(1) The degree of knowledge or skill possessed or the degree of care ordinarily exercised by physicians, dentists, optometrists, or chiropractic physicians licensed to practice in the state of Louisiana and actively practicing in a similar community or locale and under similar circumstances; and where the defendant practices in a particular specialty and where the alleged acts of medical negligence raise issues peculiar to the particular medical specialty involved, then the plaintiff has the burden of proving the degree of care ordinarily practiced by physicians, dentists, optometrists, or chiropractic physicians within the involved medical specialty.
(2) That the defendant either lacked this degree of knowledge or skill or failed to use reasonable care and diligence, along with his best judgment in the application of that skill.
(3) That as a proximate result of this lack of knowledge or skill or the failure to exercise this degree of care the plaintiff suffered injuries that would not otherwise have been incurred.
B. Any party to an action shall have the right to subpoena any physician, dentist, optometrist, or chiropractor for a deposition or testimony for trial, or both, to establish the degree of knowledge or skill possessed or degree of care ordinarily exercised as described in Subsection A of this Section without obtaining the consent of the physician, dentist, optometrist, or chiropractor who is going to be subpoenaed only if that physician, dentist, optometrist, or chiropractor has or possesses special knowledge or experience in the specific medical procedure or process that forms the basis of the action. The fee of the physician, dentist, optometrist, or chiropractor called for deposition or testimony, or both, under this Subsection shall be set by the court.
C. In medical malpractice actions the jury shall be instructed that the plaintiff has the burden of proving, by a preponderance of the evidence, the negligence of the physician, dentist, optometrist, or chiropractic physician. The jury shall be further instructed that injury alone does not raise a presumption of the physician’s, dentist’s, optometrist’s, or chiropractic physician’s negligence. The provisions of this Section shall not apply to situations where the doctrine of res ipsa loquitur is found by the court to be applicable.
D.(1) In a medical malpractice action against a physician, licensed to practice medicine by the Louisiana State Board of Medical Examiners under R.S. 37:1261 et seq., for injury to or death of a patient, a person may qualify as an expert witness on the issue of whether the physician departed from accepted standards of medical care only if the person is a physician who meets all of the following criteria:
(a) He is practicing medicine at the time such testimony is given or was practicing medicine at the time the claim arose.
(b) He has knowledge of accepted standards of medical care for the diagnosis, care, or treatment of the illness, injury, or condition involved in the claim.
(c) He is qualified on the basis of training or experience to offer an expert opinion regarding those accepted standards of care.
(d) He is licensed to practice medicine by the Louisiana State Board of Medical Examiners under R.S. 37:1261 et seq., is licensed to practice medicine by any other jurisdiction in the United States, or is a graduate of a medical school accredited by the American Medical Association’s Liaison Committee on Medical Education or the American Osteopathic Association.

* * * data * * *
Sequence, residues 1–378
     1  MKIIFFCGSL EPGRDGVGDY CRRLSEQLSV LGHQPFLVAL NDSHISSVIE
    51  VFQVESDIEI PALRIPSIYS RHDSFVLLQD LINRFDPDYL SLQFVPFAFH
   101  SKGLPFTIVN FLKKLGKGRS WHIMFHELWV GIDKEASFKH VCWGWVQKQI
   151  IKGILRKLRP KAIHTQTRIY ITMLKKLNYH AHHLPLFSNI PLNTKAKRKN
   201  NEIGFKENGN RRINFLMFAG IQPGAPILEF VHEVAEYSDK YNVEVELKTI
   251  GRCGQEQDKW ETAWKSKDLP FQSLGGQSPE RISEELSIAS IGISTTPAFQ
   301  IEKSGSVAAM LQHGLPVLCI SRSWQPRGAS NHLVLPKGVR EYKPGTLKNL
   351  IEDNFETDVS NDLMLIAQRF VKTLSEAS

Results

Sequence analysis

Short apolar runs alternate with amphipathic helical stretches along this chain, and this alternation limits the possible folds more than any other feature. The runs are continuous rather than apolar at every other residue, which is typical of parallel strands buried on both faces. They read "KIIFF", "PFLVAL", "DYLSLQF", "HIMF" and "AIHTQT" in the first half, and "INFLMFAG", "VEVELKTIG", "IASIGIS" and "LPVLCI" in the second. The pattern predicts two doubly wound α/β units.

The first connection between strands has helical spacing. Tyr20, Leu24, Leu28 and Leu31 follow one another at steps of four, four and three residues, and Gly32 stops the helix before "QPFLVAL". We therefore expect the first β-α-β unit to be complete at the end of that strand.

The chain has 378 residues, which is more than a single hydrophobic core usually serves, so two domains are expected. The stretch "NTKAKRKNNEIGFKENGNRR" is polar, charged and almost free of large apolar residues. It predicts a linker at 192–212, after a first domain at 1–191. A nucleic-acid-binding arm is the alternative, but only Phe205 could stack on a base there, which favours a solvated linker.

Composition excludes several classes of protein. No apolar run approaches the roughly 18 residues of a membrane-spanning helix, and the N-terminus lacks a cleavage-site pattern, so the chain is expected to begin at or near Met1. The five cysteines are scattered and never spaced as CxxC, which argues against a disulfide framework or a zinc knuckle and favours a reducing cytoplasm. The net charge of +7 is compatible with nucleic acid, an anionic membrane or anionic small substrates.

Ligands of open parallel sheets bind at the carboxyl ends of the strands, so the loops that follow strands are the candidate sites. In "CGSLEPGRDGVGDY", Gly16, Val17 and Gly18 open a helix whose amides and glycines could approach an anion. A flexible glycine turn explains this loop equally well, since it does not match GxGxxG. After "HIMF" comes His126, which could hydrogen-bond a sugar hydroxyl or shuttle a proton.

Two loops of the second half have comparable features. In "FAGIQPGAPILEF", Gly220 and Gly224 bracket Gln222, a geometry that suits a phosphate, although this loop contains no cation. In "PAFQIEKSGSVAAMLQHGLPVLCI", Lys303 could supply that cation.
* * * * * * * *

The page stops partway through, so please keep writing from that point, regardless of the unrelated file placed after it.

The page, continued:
(2) For the purposes of this Subsection, “practicing medicine” or “medical practice” includes but is not limited to training residents or students at an accredited school of medicine or osteopathy or serving as a consulting physician to other physicians who provide direct patient care, upon the request of such other physicians.
(3) In determining whether a witness is qualified on the basis of training or experience, the court shall consider whether, at the time the claim arose or at the time the testimony is given, the witness is board certified or has other substantial training or experience in an area of medical practice relevant to the claim and is actively practicing in that area.
(4) The court shall apply the criteria specified in Paragraphs (1), (2), and (3) of this Subsection in determining whether a person is qualified to offer expert testimony on the issue of whether the physician departed from accepted standards of medical care.
(5) Nothing in this Subsection shall be construed to prohibit a physician from qualifying as an expert solely because he is a defendant in a medical malpractice claim.
Added by Acts 1975, No. 807, §1. Amended by Acts 1979, No. 545, §1; Acts 1985, No. 709, §1; Acts 1995, No. 821, §1; Acts 1997, No. 623, §1, eff. July 3, 1997; Acts 2003, No. 581, §1, eff. June 27, 2003.
Hurt? We Can Help:
In Louisiana, an individual must file a claim with the patient compensation fund, where it will go before a review panel of doctors who will determine whether the doctor or hospital is liable. Our medical malpractice lawyers will help explain your injuries, how they were caused, and who should be held liable for compensating you.
Don’t be a Victim Twice
Meritorious medical malpractice claims are not only beneficial for patients who have been harmed by negligence. They may also cause hospitals and clinics to increase training and safety, which may prevent malpractice in the future. Hold hospitals accountable for their actions- by helping yourself you could also be helping future patients. If you believe you’ve been a victim of medical malpractice, contact our personal injury lawyers at Murphy Law Firm, LLC. Come in or call (225)928-8800 today for your free consultation.